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Preferred Treatment for Stocks?

September 14, 2006 By:
Craig G. Langweiler, JE Feature
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When people talk about stocks, they are most often referring to the class known as common stock. It's well-known that common stocks have the potential for capital appreciation, and they have produced a higher historical return than most forms of investment, but this has come with the increased risk of losses and more volatility overall.

Fewer people are familiar with the attributes of preferred stock. Preferred stock has been described as a security with a "fixed income" personality, or an instrument that is somewhere between a common stock and a bond. Here's what every investor should know about the less famous member of the stock family:

Like common stock, preferred stock represents ownership in a company. However, that is where the similarities end. Owners of common stock receive one vote per share when electing the board members who oversee decisions made by management. Owners of preferred stock generally have no voting rights.

Most preferred stocks pay a fixed dividend for as long as you own the stock, whereas common stock dividends vary, and are determined by the board of directors. In both cases, dividends can be suspended, but preferred stockholders are entitled to their dividend payments before common stockholders.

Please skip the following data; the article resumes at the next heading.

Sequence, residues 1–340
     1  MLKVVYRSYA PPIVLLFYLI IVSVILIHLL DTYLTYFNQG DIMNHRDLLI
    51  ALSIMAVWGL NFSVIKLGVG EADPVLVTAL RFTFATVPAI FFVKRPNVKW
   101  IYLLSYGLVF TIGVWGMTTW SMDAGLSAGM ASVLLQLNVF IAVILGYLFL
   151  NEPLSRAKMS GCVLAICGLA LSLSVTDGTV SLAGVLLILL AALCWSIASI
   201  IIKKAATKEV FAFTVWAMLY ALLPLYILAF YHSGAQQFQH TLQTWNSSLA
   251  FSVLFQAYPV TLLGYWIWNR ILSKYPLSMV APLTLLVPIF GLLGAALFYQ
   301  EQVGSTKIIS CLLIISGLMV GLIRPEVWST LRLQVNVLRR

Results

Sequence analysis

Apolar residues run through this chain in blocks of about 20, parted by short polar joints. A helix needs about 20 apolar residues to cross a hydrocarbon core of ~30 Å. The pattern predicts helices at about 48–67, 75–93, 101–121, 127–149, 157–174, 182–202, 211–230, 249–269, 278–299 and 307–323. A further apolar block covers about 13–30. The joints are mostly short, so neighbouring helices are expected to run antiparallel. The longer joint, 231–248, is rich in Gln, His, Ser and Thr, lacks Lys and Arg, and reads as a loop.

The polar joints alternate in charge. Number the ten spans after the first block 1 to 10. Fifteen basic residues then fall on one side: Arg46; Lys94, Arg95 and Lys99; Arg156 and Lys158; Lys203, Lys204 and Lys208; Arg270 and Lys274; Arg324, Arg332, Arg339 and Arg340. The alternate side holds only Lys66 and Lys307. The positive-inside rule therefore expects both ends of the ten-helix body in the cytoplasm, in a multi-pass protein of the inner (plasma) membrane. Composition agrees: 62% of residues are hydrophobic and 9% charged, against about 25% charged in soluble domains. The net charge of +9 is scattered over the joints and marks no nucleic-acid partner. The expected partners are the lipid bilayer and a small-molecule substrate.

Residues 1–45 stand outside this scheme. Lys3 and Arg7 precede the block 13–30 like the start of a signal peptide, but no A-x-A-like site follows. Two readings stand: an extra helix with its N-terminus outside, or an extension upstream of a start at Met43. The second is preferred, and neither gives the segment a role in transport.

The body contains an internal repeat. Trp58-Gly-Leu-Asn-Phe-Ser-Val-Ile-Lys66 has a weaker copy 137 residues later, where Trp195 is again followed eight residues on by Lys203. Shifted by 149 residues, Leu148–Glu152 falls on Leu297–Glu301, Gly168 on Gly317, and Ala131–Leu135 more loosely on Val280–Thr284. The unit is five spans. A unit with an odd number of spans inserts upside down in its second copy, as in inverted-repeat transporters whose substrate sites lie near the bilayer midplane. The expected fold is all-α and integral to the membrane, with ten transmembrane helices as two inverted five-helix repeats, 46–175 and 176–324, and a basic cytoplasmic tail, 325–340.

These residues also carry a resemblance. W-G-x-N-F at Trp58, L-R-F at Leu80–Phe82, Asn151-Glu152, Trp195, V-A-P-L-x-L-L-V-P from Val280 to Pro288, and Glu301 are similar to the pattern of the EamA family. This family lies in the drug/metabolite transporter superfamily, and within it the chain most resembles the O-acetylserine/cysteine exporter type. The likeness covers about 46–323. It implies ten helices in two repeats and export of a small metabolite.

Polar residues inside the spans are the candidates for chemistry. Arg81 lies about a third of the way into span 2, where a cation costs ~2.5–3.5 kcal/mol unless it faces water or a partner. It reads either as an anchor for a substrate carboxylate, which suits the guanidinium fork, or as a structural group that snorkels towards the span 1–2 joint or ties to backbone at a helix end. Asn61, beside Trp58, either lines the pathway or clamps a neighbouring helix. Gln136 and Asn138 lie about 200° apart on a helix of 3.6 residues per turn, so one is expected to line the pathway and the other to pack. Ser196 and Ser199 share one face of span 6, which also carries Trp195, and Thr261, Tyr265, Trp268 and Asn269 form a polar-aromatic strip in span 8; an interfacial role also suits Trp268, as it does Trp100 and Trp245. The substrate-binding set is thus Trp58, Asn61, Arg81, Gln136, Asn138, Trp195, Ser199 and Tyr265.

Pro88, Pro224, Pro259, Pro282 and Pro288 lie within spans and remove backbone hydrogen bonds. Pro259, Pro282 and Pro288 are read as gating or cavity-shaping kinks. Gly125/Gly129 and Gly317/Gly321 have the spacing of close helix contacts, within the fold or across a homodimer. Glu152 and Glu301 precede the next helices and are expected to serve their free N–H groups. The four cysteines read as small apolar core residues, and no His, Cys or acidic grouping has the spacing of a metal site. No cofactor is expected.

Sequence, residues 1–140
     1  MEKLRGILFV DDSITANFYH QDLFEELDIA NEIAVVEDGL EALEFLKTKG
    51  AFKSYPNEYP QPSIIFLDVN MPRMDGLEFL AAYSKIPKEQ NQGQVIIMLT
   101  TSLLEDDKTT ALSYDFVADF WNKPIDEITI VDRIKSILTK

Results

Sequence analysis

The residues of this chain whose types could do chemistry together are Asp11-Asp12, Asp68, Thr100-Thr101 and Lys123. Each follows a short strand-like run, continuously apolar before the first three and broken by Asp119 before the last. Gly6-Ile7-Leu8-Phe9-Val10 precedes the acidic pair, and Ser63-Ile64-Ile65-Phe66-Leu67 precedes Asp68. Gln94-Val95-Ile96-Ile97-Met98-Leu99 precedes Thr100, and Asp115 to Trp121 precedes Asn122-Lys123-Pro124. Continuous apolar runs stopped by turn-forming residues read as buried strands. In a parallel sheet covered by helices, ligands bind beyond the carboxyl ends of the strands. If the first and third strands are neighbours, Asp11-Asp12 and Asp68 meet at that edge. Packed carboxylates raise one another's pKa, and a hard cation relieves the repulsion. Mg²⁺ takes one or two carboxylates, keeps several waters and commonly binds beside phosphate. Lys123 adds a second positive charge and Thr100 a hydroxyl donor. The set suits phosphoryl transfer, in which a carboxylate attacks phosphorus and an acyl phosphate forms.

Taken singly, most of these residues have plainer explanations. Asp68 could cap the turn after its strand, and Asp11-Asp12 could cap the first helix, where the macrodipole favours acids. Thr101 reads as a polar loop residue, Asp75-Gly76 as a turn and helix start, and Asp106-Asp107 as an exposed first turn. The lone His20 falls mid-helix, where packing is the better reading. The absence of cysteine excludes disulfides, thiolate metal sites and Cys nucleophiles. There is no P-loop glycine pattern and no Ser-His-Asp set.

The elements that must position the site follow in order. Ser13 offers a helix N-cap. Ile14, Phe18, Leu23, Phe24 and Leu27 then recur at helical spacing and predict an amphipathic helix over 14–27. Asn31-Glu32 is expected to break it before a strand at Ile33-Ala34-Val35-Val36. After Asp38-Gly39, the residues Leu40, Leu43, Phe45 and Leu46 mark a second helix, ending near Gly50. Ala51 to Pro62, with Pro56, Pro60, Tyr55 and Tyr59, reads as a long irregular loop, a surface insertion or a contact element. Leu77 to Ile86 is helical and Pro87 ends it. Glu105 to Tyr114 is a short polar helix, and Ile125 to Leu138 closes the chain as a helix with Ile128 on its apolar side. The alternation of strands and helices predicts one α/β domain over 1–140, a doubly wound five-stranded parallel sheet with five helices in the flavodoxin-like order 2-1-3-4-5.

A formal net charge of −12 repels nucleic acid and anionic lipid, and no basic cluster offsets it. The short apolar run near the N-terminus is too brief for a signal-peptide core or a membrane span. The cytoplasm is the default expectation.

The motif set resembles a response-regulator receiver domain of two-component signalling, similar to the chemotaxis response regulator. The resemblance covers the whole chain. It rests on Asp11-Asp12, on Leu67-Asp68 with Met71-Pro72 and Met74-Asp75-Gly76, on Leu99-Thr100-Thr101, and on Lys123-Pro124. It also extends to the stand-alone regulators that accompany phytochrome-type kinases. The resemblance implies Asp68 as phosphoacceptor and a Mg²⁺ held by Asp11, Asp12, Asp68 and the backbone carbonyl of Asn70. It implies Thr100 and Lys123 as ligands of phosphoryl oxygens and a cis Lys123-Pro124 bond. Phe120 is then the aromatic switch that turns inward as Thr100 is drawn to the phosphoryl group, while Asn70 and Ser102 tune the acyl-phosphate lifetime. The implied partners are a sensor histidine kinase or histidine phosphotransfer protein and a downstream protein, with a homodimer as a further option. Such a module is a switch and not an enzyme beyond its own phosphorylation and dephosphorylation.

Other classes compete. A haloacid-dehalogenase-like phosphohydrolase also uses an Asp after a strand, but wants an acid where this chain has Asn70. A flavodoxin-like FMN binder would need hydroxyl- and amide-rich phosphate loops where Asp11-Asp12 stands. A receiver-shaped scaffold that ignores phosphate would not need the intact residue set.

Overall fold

In the event that a company is liquidated, creditors and bondholders are paid first, and then preferred stockholders. Owners of common stock are paid last.

The market prices of preferred stocks physically do not fluctuate as much as common stock prices, but like bond prices, they are sensitive to changes in interest rates. As rates go up, prices go down -- and vica versa. Another bond-like attribute: Many preferred stocks have call features that allow companies to buy them back.

The return and principal value of stocks fluctuate with changes in market condition. Shares, when sold, may be worth more or less than their original cost.

Investors who are seeking a steady income stream may appreciate the higher dividend payments associated with some preferred stocks. An examination of your situation can help determine whether specific common or preferred stocks are appropriate for your portfolio.

Craig Langweiler is president of the Langweiler Financial Group in Newtown. He can be reached at 215-860-8088 or at: clangweiler@ americanportfolios.com.

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